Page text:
As a society, we have spent decades and billions of dollars perfecting our ability to diagnose and treat afflictions. Modern medical devices, for example, can now replace a heart valve with minimally invasive procedures. Our reimbursement model has largely been based on this “old habit” of being reactive to health.
Comparatively, we have invested far less in preventative health care. Our reimbursement model is, only in the last generation, slowly recognizing the cost savings of preventing major health issues as opposed to treating fully developed ones.
For many providers, compensation and system-wide planning still revolve around improving in-hospital infection rates, readmission rates, and patient turnover rates. Certainly, for those who need critical care, those focus areas are important.
But shouldn’t a major focus be on reducing, and even preventing, the need to provide critical care in the first place? For providers that can perfect preventative care, they will truly provide a total health care solution. And their foothold in this emerging market will strengthen.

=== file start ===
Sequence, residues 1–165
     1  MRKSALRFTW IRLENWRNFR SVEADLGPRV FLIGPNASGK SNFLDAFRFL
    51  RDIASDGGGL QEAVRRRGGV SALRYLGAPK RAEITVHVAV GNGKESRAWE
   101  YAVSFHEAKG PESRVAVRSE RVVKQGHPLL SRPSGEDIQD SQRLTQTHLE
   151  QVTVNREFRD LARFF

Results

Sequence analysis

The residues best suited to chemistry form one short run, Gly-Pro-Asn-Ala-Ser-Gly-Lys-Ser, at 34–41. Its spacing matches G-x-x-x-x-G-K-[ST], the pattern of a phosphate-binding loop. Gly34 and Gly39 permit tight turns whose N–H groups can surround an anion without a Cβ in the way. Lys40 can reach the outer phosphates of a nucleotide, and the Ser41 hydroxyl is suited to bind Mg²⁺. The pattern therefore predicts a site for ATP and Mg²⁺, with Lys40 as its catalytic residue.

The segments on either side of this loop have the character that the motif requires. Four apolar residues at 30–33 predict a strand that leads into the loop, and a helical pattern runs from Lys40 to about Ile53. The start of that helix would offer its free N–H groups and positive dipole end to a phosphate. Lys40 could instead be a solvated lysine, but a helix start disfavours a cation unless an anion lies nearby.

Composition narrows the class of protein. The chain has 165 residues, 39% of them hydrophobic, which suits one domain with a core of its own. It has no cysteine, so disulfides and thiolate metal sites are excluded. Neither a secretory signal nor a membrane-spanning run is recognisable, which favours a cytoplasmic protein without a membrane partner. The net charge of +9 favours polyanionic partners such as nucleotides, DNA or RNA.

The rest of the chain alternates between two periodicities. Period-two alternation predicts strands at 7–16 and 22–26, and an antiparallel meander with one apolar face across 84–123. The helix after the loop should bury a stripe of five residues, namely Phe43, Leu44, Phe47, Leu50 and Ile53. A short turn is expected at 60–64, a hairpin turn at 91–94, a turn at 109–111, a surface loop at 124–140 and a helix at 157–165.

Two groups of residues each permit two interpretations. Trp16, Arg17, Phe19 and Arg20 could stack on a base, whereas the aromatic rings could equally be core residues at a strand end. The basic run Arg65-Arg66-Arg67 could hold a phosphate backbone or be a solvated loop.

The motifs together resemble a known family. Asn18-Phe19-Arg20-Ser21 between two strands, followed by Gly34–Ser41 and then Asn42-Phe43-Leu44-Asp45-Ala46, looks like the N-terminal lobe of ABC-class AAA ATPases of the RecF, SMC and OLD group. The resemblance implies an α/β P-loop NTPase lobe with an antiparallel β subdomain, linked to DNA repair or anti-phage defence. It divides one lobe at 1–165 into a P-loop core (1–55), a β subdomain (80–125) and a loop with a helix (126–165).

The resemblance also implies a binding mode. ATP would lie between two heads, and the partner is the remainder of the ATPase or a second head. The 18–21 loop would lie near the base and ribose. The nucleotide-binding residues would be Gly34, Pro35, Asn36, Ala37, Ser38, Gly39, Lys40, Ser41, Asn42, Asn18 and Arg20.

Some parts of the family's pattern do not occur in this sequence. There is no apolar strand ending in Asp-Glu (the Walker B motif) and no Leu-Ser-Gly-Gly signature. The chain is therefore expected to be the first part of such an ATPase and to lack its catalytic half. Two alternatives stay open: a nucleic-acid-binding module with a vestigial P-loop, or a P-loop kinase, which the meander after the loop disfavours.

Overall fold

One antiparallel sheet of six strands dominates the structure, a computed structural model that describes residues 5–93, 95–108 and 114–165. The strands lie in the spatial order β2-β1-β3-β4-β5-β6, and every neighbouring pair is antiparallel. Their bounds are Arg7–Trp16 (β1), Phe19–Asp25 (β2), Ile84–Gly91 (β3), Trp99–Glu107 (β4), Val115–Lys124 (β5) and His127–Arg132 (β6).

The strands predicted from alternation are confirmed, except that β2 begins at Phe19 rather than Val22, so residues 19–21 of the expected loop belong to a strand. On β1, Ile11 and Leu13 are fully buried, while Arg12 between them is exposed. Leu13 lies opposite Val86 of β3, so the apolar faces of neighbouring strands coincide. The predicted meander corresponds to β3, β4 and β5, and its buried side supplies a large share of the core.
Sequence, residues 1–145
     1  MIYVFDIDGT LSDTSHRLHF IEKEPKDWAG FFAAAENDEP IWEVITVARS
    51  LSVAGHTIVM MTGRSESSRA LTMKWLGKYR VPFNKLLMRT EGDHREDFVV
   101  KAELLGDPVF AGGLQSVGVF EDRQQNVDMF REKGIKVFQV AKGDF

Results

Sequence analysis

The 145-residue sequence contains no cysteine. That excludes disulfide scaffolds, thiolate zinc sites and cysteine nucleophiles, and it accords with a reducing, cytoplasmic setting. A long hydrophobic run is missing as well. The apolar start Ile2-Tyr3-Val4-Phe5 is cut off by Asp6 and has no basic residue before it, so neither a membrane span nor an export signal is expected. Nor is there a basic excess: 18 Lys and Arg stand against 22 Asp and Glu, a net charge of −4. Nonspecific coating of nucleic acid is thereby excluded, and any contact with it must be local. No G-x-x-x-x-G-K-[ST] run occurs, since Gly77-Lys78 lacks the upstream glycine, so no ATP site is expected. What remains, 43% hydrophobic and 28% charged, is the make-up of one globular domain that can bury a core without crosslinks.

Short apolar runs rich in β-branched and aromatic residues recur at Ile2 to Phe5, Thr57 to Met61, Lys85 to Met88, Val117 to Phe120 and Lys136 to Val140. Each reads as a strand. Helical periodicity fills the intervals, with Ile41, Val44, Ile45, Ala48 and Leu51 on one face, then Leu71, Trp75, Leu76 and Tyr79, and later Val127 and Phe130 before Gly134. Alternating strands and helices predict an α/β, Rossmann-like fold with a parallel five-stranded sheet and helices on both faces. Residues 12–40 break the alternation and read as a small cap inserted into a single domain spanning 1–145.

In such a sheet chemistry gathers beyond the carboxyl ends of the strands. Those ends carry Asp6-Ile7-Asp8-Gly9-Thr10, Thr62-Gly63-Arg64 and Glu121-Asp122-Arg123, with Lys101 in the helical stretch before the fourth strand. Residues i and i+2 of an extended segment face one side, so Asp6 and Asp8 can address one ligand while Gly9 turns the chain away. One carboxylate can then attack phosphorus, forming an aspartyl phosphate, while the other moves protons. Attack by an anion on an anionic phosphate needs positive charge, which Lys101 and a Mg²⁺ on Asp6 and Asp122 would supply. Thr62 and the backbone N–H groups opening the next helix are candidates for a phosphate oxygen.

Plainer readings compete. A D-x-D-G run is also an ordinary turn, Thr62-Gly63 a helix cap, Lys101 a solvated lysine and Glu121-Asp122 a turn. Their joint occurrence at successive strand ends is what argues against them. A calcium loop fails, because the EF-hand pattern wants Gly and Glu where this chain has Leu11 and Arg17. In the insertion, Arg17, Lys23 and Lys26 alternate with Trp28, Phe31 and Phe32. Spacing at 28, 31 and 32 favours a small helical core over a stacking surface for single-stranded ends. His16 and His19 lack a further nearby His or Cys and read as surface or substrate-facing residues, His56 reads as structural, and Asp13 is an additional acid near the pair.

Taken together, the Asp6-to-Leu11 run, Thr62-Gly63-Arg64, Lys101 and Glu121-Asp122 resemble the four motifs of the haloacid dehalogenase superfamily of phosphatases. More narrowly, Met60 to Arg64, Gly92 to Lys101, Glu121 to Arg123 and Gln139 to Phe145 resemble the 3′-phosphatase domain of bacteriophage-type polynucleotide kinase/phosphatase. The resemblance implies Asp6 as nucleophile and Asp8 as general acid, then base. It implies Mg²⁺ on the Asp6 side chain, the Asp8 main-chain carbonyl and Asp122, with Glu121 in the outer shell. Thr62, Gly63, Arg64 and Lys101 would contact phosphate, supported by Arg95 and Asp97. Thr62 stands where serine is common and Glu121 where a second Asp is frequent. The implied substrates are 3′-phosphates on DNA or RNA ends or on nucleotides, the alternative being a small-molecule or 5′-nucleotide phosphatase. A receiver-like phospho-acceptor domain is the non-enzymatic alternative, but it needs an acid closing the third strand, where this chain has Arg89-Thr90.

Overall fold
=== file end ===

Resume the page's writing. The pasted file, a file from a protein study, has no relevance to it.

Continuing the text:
m.Care Launches Industry-Changing Predictive Modeling
m.Care is the digital health platform from LifeScience Technologies. LifeScience Technologies focuses on creating technology solutions in the healthcare industry.
m.Care was born from the experience of one of its co-founders. His child had a serious health issue, ultimately spending months in and out of the hospital. The child’s family recognized that the pathological indicators of their child’s illness were present months before. Without monitoring and a predictive model, however, their child joined the thousands of others grinding through the life and death struggle of invasive and disruptive post-diagnosis treatment.
The quest to develop groundbreaking predictive modeling began.
Learn more about how m.Care can help you: